A few days ago my old cutting board finally broke apart. One of the ends had come off months ago, so I knew the time was coming. It's been an important part of my kitchen equipment since I got it 30-something years ago. It's traveled with me from my studio apartment in Brighton to the Derriére du Nord, Medford, Allston, Back Bay, the Derriére du Sud, and now at Maison Robaire in JP.
How did I get it? Thirty-something years ago I was still in college and had a part-time job to make ends meet. After three months behind the counter of a Popular Doughnut Store* and nine days of prayers to St. Jude (I"m not kidding), I found what was the best job for me, working as a concierge in a Venerable Back Bay condominium, the V******. I forget how many concierges there were - eight, ten? - but for awhile I had two eight-hour weekend shifts. Junior year I took the seven-to-midnight shift five nights a week, five hours of almost uninterrupted reading, perfect for a college student. It's the only reason I ever aced English Drama After 1590, because I actually read all those Jacobean revenge tragedies.
I was definitely one of the youngest concierges. Most of the others were retirees, including a short Irish-American gent, R******, with too much tan, a gold link bracelet, and a very obvious hairpiece. If my gaydar had been working it would have been signalling "old queen, old queen!" But, as Sally Field memorably said in Soapdish, "I was very young then!" And besides, I wasn't even out to myself at that point.
We got to talking as colleagues do (I think I relieved his shifts rather than vice versa), and I mentioned that I was moving to a studio apartment and would need to go shopping. Immediately R****** offered to pass on some things he was no longer using, an offer I accepted gratefully. The weekend after I moved he provided a random selection of silverware, some glasses, and this sturdy butcher-block cutting board. And it started serving me well right away.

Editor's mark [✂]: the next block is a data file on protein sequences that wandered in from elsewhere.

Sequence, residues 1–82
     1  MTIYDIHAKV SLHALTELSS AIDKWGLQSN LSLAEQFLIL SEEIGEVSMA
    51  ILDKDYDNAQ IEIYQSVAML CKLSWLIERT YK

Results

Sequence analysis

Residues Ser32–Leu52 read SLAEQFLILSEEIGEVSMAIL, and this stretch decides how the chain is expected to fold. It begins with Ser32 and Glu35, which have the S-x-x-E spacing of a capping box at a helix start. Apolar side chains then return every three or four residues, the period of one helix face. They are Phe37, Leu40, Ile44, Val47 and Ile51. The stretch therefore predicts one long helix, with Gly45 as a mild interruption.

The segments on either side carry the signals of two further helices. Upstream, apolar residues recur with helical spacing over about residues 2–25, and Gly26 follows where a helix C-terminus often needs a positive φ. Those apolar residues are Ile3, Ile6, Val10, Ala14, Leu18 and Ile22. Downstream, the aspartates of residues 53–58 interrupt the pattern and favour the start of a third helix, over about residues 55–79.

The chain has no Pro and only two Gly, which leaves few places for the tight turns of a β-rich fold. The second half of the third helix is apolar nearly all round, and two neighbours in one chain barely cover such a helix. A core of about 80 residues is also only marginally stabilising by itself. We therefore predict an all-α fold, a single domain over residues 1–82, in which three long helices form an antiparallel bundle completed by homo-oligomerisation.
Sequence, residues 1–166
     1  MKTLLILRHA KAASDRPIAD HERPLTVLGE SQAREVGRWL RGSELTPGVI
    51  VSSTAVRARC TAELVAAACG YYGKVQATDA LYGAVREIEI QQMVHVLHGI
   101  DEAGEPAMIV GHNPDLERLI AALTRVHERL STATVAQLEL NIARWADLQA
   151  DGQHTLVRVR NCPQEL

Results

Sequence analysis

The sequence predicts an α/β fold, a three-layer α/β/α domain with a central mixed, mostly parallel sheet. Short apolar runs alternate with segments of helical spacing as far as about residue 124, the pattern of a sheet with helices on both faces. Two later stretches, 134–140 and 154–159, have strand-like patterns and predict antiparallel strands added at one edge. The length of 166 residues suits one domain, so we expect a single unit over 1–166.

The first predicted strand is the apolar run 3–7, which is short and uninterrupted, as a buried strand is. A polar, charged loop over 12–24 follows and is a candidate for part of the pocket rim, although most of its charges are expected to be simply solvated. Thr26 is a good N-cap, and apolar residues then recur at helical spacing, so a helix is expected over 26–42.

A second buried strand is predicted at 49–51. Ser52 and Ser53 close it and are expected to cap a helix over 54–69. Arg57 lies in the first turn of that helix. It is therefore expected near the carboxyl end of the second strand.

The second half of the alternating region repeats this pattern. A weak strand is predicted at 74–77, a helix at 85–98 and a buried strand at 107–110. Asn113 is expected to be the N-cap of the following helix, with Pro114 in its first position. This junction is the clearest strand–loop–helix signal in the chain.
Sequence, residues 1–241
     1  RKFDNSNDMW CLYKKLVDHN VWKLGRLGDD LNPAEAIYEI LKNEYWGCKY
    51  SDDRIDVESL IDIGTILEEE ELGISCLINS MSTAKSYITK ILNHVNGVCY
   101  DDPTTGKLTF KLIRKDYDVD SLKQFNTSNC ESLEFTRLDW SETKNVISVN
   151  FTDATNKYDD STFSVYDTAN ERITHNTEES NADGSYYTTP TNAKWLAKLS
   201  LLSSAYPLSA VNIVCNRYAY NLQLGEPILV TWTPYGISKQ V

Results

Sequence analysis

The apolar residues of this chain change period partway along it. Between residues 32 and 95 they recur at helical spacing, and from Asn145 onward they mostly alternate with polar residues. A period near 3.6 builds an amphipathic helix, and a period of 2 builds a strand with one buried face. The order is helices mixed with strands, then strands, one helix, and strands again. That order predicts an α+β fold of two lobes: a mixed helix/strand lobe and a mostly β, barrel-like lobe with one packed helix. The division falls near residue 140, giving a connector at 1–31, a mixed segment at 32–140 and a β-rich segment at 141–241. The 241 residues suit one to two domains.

The glasses were probably all sacrificed on the Altar of Hospitality at some point (a few broken glasses are almost always the sign of a good party if you're under 35), and I passed on all my unmatched silverware to the Last Roommate in 2016 as part of my Life-Changing Magic of Tidying Up. Only the cutting board remained of that long-ago generosity, and now its usefulness has come to an end.
R****** and I lost touch, as colleagues do, either when he really retired and moved to Florida or when I left the V****** in grad school to take a full-time job at that Suburban Weekly Newspaper. He had no need to offer a helping hand to a much younger man, nor did he attach a string to it. That's so much the popular narrative, isn't it, very Guy Kibbee in 42nd Street: "I mean, I'd like to do something for you . . . . if you'd do something for me." [pant, pant] Reflecting on his generosity now reminds me that Paying It Forward is important for good karma.
*People simply cannot believe I ever did such a thing in my life, but I still have my nametag to prove it.